Videoconferencing Enhances Medical Service

by Matt McDowell

A record number of desktop videoconferencing devices will be sold this year, as more and more companies realize the opportunities this technology provides. Most often the devices are used to hold regular, real-time meetings with a remote person or group. This saves companies the time and expense involved in travel, while allowing people to meet as often as necessary to move projects through in a timely manner. However, there is a growing demand for videoconferencing in a variety of highly specialized situations, where the benefits are far different.

In the medical field, for example, patients at rural clinics are able to meet with urban medical specialists via videoconferencing systems, while doctors can consult with distant colleagues. Medical treatment is even being made available in correctional facilities via video, eliminating the costs (and complications) of transporting the inmates. And in one Tacoma, Washington, healthcare business, videoconferencing is allowing exam results to be communicated from physician to patient almost immediately.

Tacoma Radiology provides a full range of diagnostic exams and intervention procedures in outpatient clinics and hospitals within Washington State. Network Coordinator Cindy Price has told us that the radiologists were looking for a way to allow hospital-based radiologists to view ultrasound exams being conducted in their outpatient clinics in real-time. Her Qwest telephone company representative suggested she consider using the Polycom ViewStation™, which provides audio, video, and data connections. They now have 6 of these devices installed—3 in hospitals and 3 in their outpatient facilities.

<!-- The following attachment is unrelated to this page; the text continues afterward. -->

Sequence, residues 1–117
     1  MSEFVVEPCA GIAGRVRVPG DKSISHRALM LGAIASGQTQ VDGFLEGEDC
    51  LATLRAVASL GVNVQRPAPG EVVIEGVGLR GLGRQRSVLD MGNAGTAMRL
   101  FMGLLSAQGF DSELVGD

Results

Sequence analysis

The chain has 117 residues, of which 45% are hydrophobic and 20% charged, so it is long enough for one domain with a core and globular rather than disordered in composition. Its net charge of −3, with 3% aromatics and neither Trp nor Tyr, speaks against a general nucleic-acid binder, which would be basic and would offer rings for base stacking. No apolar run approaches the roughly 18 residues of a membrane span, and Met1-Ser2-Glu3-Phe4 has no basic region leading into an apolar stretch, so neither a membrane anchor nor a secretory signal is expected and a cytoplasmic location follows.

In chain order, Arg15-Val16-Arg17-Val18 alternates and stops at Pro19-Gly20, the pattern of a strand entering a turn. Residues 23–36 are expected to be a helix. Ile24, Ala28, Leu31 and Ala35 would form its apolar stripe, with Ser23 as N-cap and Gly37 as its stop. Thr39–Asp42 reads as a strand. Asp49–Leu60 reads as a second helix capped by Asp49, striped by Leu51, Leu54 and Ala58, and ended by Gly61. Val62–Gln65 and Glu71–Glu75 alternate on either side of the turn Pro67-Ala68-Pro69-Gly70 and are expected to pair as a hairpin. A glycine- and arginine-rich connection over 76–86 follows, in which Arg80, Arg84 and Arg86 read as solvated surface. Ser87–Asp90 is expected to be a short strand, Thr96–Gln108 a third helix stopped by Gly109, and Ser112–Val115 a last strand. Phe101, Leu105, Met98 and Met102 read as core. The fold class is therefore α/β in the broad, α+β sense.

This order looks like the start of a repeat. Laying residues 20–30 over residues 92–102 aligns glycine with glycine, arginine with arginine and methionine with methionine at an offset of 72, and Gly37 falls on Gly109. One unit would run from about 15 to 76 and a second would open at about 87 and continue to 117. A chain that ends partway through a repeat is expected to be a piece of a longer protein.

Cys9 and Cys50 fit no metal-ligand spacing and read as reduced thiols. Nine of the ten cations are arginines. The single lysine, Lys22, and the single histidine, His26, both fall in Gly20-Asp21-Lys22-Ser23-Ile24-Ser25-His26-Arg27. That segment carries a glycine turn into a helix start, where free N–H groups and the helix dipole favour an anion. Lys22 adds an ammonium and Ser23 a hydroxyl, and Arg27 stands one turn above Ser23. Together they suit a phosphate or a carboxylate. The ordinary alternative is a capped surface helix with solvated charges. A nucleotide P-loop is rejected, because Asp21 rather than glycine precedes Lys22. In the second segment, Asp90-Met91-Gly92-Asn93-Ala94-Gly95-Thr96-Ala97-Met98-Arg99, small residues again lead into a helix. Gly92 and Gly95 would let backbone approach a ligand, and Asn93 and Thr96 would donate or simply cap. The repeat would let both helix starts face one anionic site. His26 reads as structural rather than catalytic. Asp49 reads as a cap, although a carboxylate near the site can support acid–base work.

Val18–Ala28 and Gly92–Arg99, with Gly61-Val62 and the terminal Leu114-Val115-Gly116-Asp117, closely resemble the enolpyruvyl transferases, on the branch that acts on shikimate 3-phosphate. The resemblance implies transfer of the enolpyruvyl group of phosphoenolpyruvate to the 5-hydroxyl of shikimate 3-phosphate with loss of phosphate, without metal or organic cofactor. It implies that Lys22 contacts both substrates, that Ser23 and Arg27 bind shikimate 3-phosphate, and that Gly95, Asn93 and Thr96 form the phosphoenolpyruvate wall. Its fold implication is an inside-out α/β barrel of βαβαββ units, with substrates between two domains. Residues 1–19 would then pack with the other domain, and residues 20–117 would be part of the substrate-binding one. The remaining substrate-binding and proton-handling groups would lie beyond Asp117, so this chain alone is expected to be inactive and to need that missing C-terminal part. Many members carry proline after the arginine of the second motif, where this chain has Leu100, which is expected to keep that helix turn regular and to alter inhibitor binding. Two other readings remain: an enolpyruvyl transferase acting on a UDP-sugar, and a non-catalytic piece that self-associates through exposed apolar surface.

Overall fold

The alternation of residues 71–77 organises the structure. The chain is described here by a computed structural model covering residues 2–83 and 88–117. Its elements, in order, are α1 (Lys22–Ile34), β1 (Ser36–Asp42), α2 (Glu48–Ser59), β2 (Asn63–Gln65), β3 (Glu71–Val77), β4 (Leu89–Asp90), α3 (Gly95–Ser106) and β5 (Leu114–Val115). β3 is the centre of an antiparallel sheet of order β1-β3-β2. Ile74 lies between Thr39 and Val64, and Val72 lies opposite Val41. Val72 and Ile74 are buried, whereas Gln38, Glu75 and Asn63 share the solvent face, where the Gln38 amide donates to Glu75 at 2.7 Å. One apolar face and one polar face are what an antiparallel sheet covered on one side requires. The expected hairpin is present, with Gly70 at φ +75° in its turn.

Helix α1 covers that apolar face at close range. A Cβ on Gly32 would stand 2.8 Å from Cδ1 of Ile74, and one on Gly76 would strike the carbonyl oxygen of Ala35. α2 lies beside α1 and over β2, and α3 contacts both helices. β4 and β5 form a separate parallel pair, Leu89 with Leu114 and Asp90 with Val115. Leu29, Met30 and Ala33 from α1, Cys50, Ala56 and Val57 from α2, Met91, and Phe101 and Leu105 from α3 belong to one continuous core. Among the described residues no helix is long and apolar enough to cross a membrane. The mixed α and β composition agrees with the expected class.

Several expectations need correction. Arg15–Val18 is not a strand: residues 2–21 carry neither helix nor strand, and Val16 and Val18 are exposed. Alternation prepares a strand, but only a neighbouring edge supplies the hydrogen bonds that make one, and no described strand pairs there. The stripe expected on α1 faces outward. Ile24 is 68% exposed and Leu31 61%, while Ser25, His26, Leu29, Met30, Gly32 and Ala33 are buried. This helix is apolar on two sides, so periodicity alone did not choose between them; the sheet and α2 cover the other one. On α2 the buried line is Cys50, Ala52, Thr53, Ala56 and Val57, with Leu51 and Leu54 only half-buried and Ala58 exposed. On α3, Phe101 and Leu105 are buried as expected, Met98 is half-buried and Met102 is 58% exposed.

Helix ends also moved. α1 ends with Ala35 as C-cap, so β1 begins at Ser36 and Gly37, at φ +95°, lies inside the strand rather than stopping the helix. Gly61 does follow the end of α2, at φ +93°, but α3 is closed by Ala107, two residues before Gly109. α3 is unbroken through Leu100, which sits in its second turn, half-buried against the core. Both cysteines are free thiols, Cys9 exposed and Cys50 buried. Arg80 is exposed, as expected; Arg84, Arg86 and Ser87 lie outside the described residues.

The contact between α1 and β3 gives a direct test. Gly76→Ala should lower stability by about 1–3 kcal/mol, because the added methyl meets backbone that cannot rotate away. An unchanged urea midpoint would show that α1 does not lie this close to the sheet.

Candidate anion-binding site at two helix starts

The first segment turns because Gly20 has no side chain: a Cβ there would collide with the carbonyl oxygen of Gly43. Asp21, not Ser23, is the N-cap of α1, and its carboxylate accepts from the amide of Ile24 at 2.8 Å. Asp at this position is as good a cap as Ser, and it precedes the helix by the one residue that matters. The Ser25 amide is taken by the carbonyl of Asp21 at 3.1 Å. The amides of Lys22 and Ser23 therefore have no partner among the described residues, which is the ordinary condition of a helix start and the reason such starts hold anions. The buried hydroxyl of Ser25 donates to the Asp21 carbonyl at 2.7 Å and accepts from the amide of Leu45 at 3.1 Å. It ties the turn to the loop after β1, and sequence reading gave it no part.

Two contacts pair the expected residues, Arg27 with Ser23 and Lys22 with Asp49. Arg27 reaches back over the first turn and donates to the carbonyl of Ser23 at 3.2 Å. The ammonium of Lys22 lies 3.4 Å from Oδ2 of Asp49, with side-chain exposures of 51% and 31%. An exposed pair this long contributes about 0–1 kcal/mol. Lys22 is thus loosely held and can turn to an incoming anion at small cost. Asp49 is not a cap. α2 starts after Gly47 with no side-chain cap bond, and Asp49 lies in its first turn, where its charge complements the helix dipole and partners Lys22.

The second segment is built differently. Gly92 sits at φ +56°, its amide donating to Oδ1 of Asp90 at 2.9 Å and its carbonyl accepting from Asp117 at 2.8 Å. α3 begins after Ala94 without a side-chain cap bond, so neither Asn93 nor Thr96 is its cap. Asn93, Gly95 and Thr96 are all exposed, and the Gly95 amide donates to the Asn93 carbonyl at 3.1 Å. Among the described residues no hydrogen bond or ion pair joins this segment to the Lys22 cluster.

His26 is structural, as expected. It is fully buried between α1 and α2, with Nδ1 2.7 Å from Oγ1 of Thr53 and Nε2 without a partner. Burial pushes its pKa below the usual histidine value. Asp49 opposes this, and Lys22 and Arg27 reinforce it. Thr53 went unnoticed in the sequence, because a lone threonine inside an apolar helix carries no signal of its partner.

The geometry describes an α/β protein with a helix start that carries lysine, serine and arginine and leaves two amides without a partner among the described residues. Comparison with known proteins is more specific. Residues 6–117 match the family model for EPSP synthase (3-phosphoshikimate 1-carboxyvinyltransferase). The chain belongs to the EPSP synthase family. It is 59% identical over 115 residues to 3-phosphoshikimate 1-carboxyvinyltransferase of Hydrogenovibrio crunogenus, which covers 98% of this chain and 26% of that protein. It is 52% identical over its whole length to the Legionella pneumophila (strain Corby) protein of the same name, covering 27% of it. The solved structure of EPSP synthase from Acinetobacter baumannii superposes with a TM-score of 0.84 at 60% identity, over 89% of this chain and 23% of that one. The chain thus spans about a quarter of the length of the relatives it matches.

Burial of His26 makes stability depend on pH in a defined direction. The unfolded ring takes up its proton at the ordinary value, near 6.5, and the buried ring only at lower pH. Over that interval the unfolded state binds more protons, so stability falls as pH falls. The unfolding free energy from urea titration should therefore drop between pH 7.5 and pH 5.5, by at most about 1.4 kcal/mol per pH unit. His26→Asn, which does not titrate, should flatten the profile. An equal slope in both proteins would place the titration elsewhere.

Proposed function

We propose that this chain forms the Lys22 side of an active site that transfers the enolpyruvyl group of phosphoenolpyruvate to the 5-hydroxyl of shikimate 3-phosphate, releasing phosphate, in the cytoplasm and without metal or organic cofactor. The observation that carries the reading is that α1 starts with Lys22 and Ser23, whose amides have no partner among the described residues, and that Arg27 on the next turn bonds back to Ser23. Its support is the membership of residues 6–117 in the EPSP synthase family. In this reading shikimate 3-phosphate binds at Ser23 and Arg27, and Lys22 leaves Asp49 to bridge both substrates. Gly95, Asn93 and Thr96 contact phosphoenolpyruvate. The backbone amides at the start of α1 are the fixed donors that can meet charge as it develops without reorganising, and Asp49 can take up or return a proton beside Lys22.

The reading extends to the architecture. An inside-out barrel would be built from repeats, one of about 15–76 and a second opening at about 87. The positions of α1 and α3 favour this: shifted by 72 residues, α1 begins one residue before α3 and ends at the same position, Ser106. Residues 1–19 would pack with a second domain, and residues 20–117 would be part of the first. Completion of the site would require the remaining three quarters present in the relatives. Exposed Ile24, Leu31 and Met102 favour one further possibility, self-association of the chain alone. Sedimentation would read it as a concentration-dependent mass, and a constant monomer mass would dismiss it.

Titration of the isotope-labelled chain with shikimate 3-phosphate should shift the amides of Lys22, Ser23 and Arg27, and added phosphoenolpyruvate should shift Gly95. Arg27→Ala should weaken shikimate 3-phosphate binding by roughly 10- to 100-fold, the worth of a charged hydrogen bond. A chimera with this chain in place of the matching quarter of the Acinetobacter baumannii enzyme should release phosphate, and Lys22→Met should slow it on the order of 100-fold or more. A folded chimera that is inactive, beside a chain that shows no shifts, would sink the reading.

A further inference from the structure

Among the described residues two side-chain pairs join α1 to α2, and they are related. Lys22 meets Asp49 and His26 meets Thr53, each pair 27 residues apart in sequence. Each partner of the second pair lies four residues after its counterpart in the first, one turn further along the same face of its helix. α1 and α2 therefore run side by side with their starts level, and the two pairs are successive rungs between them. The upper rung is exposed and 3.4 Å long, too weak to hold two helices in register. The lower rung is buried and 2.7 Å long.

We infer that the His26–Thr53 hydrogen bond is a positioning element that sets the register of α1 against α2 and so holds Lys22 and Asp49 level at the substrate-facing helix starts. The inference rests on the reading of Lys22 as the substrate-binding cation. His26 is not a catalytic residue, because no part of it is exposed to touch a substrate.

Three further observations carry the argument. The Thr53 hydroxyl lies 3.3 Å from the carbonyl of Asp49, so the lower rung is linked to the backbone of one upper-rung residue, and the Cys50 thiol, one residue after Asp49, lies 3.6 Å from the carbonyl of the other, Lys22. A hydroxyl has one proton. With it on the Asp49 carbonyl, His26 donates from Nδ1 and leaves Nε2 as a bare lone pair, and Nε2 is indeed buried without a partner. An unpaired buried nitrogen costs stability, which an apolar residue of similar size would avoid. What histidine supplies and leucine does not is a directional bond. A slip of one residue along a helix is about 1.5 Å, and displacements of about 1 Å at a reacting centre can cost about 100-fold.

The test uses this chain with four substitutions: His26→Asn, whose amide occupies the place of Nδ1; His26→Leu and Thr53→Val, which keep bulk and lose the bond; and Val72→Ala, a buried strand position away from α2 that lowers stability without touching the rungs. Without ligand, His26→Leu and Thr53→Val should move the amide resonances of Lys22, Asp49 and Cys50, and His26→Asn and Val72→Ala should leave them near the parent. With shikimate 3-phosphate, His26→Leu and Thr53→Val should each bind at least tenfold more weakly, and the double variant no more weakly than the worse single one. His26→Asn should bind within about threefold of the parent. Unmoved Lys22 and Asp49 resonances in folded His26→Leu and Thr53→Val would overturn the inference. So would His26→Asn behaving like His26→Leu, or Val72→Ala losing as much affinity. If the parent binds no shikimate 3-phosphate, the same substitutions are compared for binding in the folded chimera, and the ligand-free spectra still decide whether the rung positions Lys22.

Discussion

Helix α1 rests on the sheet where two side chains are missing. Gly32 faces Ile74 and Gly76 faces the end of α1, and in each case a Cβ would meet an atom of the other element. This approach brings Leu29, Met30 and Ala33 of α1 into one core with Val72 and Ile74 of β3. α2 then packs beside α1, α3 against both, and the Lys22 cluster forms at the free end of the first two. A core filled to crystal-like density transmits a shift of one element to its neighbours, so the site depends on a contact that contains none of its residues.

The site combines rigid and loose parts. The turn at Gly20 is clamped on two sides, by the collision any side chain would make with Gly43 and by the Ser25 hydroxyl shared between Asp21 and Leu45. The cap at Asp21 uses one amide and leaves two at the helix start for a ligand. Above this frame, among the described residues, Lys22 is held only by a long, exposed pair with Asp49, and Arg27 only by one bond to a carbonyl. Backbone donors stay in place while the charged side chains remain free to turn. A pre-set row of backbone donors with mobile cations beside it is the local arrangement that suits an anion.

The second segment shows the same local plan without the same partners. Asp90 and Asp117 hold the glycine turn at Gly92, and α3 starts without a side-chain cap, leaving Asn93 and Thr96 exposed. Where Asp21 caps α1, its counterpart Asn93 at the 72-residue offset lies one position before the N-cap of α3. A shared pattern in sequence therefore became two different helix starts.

In Tacoma Radiology’s outpatient clinics, the ViewStations are connected directly to the ultrasound equipment. Images from any exam conducted on this equipment can be sent automatically to any of the 3 hospitals over the company’s T1 data connection. At the hospital the radiologist uses a ViewStation connected to a monitor to instantly review the images. This allows the radiologist to monitor the exam and clarify any questionable findings directly with the technologist during the procedure. In the past, patients had to wait up to 24 hours for their exam results, as the images were delivered to the radiologists on videotape. With this technology, the results reporting has been significantly reduced.

According to Price, the ViewStations have been especially well received because they are so easy to use. “They’re much like TV/VCR setups, so even the doctors who aren’t very technologically oriented find them very user friendly.” They have also proven to be very reliable. The cost for this teleradiology capability (including 6 Polycom 512 ViewStations and 6 Sony monitors) was in the $50,000 range. When you consider the high cost of travel, and the perhaps-incalculable fees involved with instantaneous medical results, such a price tag seems almost insignificant.

As videoconferencing technology continues to improve, and prices continue to decline over time, we can expect to see it used in an increasing number of innovative ways—both in medicine and in many other industries.